It’s been an interesting week. Starting off in Wiltshire, with our friends from Help for Heroes at the Tedworth House Recovery Centre for ‘wounded, injured and sick’ members of the armed services community. There are close links between Canine Partners and Help for Heroes and we keep in regular contact. From there, the focus moved to Dorset, where we were giving demonstrations to the team at CHS, who have been helping us to develop our creative juices. They loved meeting demo dogs Saffy and Yarna-banana. In fact they loved them so much that they took us completely by surprise by presenting us with a cheque for £2,000 to help us train more dogs and change more people’s lives. Wow! Thank you! Read more
Multiple sclerosis is an unpredictable degenerative disease, so I felt lost and a little alone when I was diagnosed with it in 2001. Many daily tasks such as picking up dropped items, opening doors, gates and more become increasingly difficult. Asking people to pass items to me, pick things up or open doors is a constant reminder of the condition, however kind people are.
I was at a disability road show when I first met Canine Partners, who had a stand there. After successfully being assessed and applying for a canine partner, I made a few visits to the National Training Centre in West Sussex to meet some dogs - which is where I hit it off with Daxi. This was later followed by a two-week residential training course, where we learnt a tremendous amount and got to know each other properly.
Daxi is now with me 24 hours a day and we are never more than a few feet apart. We know each other really well now and can read each other easily. If I am feeling particularly bad, he’s right by my side keeping a close eye on me.
I depend on him for all sorts of practical things. He picks up things I drop such as my spectacles, cheque book, pens and money and he fetches things for me. He opens gates and doors; he supports me if I fall. However, just as important to me are the emotional and psychological benefits I get from the partnership. He can tune in to my general mood every day and adjust his treatment of me as to how I feel.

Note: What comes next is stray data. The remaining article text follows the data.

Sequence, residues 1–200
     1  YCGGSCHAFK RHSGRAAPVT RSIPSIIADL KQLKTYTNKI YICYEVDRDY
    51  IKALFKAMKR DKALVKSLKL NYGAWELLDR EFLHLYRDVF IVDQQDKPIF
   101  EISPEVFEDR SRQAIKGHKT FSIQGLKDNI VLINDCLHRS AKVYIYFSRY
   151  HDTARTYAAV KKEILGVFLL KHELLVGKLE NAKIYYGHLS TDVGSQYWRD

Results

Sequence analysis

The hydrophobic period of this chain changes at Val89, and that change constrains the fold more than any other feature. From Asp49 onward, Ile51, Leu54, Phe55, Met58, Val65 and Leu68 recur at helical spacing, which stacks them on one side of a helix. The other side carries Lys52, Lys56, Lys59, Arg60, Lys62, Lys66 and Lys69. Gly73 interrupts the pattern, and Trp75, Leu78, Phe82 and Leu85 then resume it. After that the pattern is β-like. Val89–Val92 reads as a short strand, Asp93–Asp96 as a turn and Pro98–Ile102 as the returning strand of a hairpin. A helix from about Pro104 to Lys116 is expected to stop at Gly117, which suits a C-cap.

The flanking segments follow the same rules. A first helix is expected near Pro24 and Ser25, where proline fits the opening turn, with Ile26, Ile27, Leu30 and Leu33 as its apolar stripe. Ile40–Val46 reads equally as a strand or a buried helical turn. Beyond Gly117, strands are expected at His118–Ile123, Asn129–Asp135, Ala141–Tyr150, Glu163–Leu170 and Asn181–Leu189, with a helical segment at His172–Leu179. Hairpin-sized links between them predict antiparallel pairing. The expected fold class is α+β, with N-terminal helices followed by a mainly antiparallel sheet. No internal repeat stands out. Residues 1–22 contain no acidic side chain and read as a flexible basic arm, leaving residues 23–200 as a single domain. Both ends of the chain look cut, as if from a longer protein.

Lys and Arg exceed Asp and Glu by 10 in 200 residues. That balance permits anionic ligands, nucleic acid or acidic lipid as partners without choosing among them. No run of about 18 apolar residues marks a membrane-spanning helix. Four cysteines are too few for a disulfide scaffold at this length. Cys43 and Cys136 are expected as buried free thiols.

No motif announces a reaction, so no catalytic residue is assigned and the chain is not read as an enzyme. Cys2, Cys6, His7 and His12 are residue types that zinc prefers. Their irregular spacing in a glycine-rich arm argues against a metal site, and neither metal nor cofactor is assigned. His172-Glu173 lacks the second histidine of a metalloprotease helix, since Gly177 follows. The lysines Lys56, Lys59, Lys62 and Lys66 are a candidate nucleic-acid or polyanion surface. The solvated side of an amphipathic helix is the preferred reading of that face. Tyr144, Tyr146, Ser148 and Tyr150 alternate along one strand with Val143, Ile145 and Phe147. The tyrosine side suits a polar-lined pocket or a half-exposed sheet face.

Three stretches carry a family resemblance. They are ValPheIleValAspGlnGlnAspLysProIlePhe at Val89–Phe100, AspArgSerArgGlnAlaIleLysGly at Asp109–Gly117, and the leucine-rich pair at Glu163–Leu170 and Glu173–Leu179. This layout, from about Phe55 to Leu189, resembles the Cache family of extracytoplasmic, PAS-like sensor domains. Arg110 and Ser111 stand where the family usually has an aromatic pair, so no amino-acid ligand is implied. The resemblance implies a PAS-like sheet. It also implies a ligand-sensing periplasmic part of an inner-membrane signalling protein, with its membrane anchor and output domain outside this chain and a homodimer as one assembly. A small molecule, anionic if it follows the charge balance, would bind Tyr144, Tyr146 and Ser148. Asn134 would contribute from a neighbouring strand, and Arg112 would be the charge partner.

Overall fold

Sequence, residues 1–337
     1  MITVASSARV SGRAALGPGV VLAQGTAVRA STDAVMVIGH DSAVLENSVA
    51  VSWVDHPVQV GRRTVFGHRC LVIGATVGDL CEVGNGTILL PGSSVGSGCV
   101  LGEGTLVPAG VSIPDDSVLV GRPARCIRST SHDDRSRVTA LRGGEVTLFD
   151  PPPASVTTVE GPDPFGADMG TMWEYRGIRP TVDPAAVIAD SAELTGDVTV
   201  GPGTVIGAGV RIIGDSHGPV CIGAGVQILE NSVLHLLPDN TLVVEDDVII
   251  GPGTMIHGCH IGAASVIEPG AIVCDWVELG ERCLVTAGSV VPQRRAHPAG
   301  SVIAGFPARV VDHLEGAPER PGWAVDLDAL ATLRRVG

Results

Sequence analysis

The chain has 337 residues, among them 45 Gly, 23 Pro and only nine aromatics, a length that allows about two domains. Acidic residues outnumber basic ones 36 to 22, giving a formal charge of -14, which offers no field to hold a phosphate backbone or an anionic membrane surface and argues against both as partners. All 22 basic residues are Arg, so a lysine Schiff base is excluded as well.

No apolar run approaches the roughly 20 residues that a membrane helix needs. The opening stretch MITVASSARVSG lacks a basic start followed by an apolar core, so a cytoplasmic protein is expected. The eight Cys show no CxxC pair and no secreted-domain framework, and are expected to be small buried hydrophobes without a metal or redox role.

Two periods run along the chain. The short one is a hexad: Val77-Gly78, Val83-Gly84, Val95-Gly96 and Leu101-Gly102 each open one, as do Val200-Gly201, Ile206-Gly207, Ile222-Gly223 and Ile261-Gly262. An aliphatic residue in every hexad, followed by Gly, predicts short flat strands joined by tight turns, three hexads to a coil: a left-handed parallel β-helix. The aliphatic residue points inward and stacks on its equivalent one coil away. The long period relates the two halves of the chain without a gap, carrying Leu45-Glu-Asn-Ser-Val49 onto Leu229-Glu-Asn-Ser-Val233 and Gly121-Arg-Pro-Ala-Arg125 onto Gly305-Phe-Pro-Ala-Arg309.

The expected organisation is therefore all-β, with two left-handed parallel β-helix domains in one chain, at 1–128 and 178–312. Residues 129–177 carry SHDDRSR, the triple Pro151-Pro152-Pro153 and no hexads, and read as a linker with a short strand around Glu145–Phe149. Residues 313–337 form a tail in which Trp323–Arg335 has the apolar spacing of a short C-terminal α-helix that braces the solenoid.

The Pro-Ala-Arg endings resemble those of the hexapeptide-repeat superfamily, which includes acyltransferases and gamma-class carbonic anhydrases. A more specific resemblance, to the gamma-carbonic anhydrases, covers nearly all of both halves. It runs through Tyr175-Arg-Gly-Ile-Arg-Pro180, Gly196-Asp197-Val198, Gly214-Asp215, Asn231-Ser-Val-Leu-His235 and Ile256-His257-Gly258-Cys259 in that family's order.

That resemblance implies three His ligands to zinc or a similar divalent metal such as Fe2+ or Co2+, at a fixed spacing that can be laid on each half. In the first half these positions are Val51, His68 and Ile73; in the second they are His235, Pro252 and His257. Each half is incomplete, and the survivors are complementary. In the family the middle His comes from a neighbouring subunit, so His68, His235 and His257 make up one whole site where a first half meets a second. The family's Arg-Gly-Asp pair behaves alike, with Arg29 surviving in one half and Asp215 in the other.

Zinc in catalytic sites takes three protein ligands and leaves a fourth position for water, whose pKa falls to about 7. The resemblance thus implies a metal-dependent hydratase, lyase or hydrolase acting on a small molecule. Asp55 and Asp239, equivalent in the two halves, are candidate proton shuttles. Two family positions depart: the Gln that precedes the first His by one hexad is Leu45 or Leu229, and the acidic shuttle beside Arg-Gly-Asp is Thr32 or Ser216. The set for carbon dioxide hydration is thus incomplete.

Becoming disabled is a life changing experience. Having been very active in the past, running my own business and being generally very busy, I now find myself on my own a great deal of the time and can feel very isolated. Simple tasks become really challenging and I sometimes feel like it’s easier not to try.
With Daxi I have more structure to my day. I have always loved getting out and about into the countryside, so walking Daxi twice a day gets me out again. Having him with me gives me the confidence to go out more, to try new things and to meet people. What’s more I feel safe and my wife is less worried now that he is with me.
I get periods of great pain, particularly late at night. Daxi helps me through this by getting up and comforting me by sitting at my feet. I am never alone, even if he is not doing a specific task.
Having Daxi with me transforms the way other people treat me. It really eases the way strangers act towards me and gives us something positive to talk about. Having him around really cheers me up, as he’s so full of life. Seeing him thunder through the woods when he’s off duty really lifts my spirits - I may not be able to run about myself, but I can share the fun he has.
Daxi is a loyal and trusted friend. Only recently I was teaching him to fetch my various shoes and slippers using treats to reinforce the lesson. Later that same week my wife was buying slippers in a shoe shop, with me and Daxi in tow. Suddenly as we entered the shop, Daxi had a concentrated and excited expression on his face. He was looking at all the shoes and working out how many treats they would be worth if he brought them all to me!
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